Views from the front

The Covington News - - OPINION -

Sun­day, July 22, 2007: Be­sides those fin­ish­ing their night shift, Scrappy and Dog were the only two coali­tion mem­bers up and about this morn­ing as Iwan­dered around Fire­base Chamkani at day­break. Dog feigned an at­tack on some of the Afghan help. Maybe theA Team is right about the use­ful­ness of th­ese two Afghan mutts. In many thirdworld coun­tries, bark­ing dogs in­form strangers when they get too close to their owner’s claimed prop­erty. Scrappy and Dog do not bark at Amer­i­cans, only Af­gans.

Break­fast­was sched­uled from six to eight with a team brief­ing to fol­low. That left plenty of time for some ex­er­cise. So Iwalked to the high­est bunker on the outer perime­ter, joined by my Spe­cial Op­er­a­tions mil­i­tary es­cort, SF Col. Ray Hel­ton, with his sidearm hid­den un­der his shirt.

At the top, I found Afghan Se­cu­rity Guard Sher Agha who is a mem­ber of the Stanakzai tribe ac­cord­ing to his US is­sued iden­ti­fi­ca­tion card. Hewas sit­ting out­side his bunker on a ply­wood bed eat­ing break­fast and drink­ing tea, a Rus­sian dishka ma­chine gun wrapped in blue plas­tic be­hind him. We arm the ASG force with Rus­sian weapons and mu­ni­tions scarfed from caches. When you have lit­tle, youwaste lit­tle.

We re­turned to this top­most bunker later in the day so theAteam could showme the lay of the land and give me a for­mal meet­ing with the com­man­der of this ASG force, Saeed Agha. Team mem­bers call him Gun Doc­tor or GD. He has been a mu­jhadin since the age of 13. I’m told he is now33, which seems far too young for his strik­ing fea­tures. But the av­er­age life ex­pectancy in Afghanistan is one of the low­est in the­world. Afghanistan’s poverty, wars and harsh en­vi­ron­ment are ut­terly un­for­giv­ing.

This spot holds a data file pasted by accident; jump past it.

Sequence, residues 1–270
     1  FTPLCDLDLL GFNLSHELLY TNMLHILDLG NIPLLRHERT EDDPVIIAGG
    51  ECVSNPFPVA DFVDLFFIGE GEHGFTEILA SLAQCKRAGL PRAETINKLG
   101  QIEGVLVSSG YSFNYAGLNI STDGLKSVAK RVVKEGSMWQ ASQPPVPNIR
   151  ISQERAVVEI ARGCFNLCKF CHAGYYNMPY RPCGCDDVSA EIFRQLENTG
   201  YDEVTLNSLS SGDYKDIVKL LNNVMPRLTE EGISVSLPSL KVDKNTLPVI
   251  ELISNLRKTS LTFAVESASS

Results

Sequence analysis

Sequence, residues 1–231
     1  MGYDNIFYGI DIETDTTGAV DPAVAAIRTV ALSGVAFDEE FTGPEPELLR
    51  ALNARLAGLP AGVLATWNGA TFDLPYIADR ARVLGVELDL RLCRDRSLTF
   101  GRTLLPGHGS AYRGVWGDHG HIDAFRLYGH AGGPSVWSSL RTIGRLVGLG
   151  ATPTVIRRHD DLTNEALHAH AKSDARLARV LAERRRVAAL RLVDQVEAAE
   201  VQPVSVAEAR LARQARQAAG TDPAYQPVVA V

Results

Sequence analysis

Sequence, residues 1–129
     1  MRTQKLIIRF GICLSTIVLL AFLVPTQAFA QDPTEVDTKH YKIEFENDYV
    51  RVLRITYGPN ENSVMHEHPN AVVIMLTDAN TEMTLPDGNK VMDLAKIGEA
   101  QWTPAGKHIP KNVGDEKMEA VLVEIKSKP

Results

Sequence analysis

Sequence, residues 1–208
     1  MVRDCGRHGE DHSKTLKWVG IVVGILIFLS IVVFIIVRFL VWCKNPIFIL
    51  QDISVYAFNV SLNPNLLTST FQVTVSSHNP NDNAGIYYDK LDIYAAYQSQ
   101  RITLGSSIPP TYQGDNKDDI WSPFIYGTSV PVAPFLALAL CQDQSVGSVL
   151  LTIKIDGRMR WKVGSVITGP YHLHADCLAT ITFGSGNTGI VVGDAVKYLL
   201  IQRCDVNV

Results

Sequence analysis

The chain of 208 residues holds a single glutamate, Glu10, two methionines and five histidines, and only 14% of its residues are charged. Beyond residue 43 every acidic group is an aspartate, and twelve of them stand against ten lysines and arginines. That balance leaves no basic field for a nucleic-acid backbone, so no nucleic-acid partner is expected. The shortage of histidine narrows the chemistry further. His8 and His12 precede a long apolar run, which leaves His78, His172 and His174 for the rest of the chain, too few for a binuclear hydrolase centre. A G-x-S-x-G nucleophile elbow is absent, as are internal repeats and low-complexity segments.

Dur­ing the meet­ing and later, through an in­ter­preter, I spent a fair amount of time talk­ing with­GDand re­called Gen. Abizaid’s quip that “Afghanistan is mov­ing rapidly into to the fif­teenth cen­tury.” Ac­tu­ally its so­cial fab­ric and mores seem a mix­ture of many cen­turies. The cul­ture clash is quite pro­nounced. In­di­vid­u­als can’t sur­vive in th­ese Af­gan and Pak­istani moun­tains con­quered only by Alexan­der the Great. In­di­vid­u­als must ally them­selves with a tribe. Tribe is ev­ery­thing. The sys­tem is feu­dal, France and Eng­land circa 1200. Like knights and yeomen, young tribal men are ex­pected to serve the se­cu­rity needs of the tribe as de­ter­mined by tribal lead­ers. It’s a mat­ter of meet­ing a so­cial obli­ga­tion in or­der to con­tinue to en­joy es­teem in the tribal so­ci­ety. GD­knows com­bat. But even more so, he knows sur­vival. His al­le­giance can change with the tribe’s

We can’t get out to­day. When the weather is good, no he­li­copters are avail­able. They are called to more im­por­tant duty— re­in­force­ments in a fire fight, med­i­cal evac­u­a­tions, crit­i­cal re­sup­ply. This part of Afghanistan is hot. OneAteam mem­ber says, “Chamkani is ac­tu­ally in the Ber­muda tri­an­gle. When you come here, you can’t get out.” I will miss votes. But I in­sist no one whines about it on my be­half. My busi­ness pales in com­par­i­son, and I don’twant Spe­cial Op­er­a­tions Com­mand or the De­part­ment of De­fense to have an­other rea­son to be re­luc­tant about front line em­beds.

One of our out­posts, an Af­gan Border Pa­trol check­point some three miles to­ward Pak­istan, was hit that night with RPGs (Soviet shoul­der fired rock­ets) and small arms fire. Wewatched the fight from the op cen­ter roof and Iwas heart­ened when lis­ten­ing to theAteam mem­bers dis­cussing what to do. The out­post called for help. GD­came by with an ad­di­tional re­quest. But team mem­bers were re­luc­tant to do so. One said, “We need to let them take care of this pis­sant lit­tle stuff or they will never build ca­pac­ity.” The oth­ers agreed. GDasked for at least some il­lu­mi­na­tion rounds. TheAteam fired three, re­luc­tantly, from their 120mm mor­tar. Spec. Dan Love, a young pho­tog­ra­pher with 7th Spe­cial Forces Group got a great pic­ture of one of the mor­tar il­lu­mi­na­tion rounds be­ing launched. Iwaswatch­ing the fight, not the mor­tar crew.

Mon­day, July 23, 2007: TheA team spent most of the day pre­par­ing for a night mis­sion. The plan was to con­voy about thirty kilo­me­ters in up-ar­mored humvees, sleep for the bal­ance of the night and then spend the next day pro­vid­ing med­i­cal ser­vices to the res­i­dents of a par­tic­u­lar vil­lage.